That's when I got my airplane ticket to Rome and they gave me the name of a man who was presumably my uncle, in case I was questioned. I was going to visit him in Rome. One of the remarkable things about that was in those days it took a week, sometimes four, to get a passport from the time that you put your application in. I got my passport the very next day. They called somebody they knew from that office in the department, the right department, and believe me when I tell you they had some influential connections, because the next day, that passport was ready. I had no problem picking it up. I remember I picked it up and went to the airport. They had a reservation made for me on TWA.
Antin's trip to Israel was a bit more eventful than most other 101 Squadron pilots. He flew to Rome in mid May, on a TWA Constellation, unknowingly sitting right next to Red Finkel.
We started to talk to each other and I don't remember exactly how it happened, but little by little enough of what we each said gave us both the clue that we're both going to the same place for the same reasons. We were both fighter pilots going to Israel to fly in their little war, and of course that made us real close.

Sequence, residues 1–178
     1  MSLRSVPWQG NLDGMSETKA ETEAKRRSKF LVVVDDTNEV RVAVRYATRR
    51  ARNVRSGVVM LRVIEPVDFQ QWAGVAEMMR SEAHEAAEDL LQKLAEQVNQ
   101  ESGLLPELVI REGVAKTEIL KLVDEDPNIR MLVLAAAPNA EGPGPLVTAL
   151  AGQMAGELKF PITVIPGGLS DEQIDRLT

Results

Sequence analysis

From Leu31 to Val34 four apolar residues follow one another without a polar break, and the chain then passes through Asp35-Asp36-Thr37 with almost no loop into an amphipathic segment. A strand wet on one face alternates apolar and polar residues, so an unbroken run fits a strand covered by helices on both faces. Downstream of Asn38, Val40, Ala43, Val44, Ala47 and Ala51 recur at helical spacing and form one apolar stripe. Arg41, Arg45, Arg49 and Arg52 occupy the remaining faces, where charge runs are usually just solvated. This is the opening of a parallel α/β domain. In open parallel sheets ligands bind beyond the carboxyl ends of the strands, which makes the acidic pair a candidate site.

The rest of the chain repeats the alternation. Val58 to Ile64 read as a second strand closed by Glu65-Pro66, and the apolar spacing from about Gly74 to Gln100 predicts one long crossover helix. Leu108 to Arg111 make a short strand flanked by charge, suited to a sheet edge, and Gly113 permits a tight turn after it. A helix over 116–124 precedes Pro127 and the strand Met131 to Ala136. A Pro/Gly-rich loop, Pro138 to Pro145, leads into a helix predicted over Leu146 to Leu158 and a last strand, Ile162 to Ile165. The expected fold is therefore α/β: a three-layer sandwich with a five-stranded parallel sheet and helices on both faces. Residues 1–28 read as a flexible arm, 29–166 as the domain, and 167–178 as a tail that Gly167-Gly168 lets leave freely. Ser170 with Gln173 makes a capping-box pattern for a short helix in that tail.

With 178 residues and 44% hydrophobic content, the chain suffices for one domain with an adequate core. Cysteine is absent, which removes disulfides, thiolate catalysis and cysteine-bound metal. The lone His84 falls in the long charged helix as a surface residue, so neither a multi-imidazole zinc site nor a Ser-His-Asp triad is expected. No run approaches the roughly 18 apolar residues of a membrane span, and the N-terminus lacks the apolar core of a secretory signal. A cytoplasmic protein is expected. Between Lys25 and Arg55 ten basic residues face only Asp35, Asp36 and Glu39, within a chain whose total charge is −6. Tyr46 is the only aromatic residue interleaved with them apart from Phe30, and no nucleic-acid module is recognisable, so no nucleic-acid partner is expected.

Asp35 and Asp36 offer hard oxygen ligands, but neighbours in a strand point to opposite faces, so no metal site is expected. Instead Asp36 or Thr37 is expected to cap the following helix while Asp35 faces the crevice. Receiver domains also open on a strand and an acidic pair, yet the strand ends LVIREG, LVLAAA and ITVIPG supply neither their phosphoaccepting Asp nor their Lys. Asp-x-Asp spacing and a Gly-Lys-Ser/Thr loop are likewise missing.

Antin and Finkel belonged to the second group of volunteer pilots to be trained in Czechoslovakia, a group that made it to Herzliya in mid June. Leo Nomis called Antin "tough, wiry, (and) oft-times stoical" (Nomis and Cull 1998). Finkel and Antin finished their S-199 training at Ceske Budejovice in early June and hitched a ride on a LAPSA C-46 flying from Zatec for Israel with a planned stopover in Ajaccio, Corsica.
An iced-up carburetor forced the C-46 to set down early at an Italian airbus at Treviso, in northern Italy. The base commander had previously proven friendly to Israeli aircraft crews and he had never bothered searching their planes for contraband cargo. Again this time, the base commander took the LAPSA captain's word that they were flying civilian cargo to the Americas - but when he left the area, one Italian soldier, under his own initiative, peeked into the fuselage and saw Finkel and some crates. Antin was also on board. The soldier pointed a gun at Finkel and demanded that he open the boxes.